A 2013 documentary, Living On One Dollar, explores the challenges of living below the poverty line in rural Guatemala as four American students take on the task of surviving on $1 USD per day.
Life in the Community
The students move into a small dwelling in the village of Peña Blanca where they sleep side-by-side on a hard floor. They set themselves certain parameters for their mission to make life for them as similar to that of their neighbours. For example, rather than simply spend one dollar per day, they pick out a random amount of money each day, between 0 and 9 dollars, to simulate the instability of income that many of the world’s poorest face.
The boys grapple with challenges like their inability to afford basic medication, lack of knowledge about how to grow food, low energy due to their drop in calorie intake etc. But they also meet some wonderful characters, people who are poor financially but rich in generosity and kindness. They learn about the hopes and aspirations of some of these people and about some have benefitted greatly from micro finance loans, enabling them to take the initiative and kick-start their own businesses.
Playing Your Part
The documentary would be particularly interesting for anyone with experience of Empathy Action’s ‘Poverty Trap’ simulation. It looks at the big changes that small actions can cause and challenges the viewer to play their part in battling poverty.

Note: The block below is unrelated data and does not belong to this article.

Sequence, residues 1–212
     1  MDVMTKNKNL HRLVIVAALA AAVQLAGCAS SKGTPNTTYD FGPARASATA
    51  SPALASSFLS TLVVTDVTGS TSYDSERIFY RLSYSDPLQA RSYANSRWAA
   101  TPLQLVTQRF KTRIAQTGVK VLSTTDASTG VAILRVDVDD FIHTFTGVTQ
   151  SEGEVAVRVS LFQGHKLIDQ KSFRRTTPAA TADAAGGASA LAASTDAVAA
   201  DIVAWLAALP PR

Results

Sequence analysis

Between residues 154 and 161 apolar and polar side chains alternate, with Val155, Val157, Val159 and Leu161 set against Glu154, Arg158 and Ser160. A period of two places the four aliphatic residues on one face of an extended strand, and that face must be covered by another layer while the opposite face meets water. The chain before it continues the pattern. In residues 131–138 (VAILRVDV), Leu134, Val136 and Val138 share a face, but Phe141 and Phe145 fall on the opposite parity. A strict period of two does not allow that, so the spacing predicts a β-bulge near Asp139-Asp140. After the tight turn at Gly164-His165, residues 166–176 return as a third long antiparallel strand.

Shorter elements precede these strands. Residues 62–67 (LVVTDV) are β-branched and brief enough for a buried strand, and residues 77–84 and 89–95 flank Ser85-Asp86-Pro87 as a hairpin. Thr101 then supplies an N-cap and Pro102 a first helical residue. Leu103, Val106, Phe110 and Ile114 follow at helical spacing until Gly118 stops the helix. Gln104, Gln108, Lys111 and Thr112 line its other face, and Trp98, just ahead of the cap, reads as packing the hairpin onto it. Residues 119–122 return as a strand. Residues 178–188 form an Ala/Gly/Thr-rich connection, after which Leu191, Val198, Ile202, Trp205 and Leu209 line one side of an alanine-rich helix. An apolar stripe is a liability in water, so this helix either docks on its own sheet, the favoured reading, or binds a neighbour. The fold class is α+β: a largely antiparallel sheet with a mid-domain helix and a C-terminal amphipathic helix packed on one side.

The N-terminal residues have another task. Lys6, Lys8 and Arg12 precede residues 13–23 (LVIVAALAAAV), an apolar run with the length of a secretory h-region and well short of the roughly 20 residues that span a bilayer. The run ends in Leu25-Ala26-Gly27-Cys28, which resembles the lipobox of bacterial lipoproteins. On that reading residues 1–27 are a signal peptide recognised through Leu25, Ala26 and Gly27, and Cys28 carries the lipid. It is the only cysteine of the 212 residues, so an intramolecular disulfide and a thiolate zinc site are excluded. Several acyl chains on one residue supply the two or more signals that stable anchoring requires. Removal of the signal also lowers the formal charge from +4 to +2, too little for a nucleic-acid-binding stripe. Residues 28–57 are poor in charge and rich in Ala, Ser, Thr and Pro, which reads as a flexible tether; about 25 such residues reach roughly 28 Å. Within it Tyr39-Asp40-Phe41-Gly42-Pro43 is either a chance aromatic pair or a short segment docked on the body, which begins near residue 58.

The film also demonstrates the difference in empathy that closeness to the situation creates. For instance, one of the non-Spanish speaking members of the group who hasn’t been hearing the stories of the locals they live among says at one point, ‘this is not that hard… I could do this for another 2 years’. Reflecting back on this, filmmaker Zach, who does speak Spanish, tells us,
I just got really angry… clearly the people we were around, they had learned to survive but it wasn’t ok and it wasn’t easy for them… they couldn’t follow their dreams because they couldn’t go to school because they had to provide for their family.
Not many of us will ever experience such extreme poverty but that doesn’t mean we can’t take steps to understand it better, empathise with those who live with it and join in the battle to end it. Talk to us about how you can involve your school, business or community group in the action.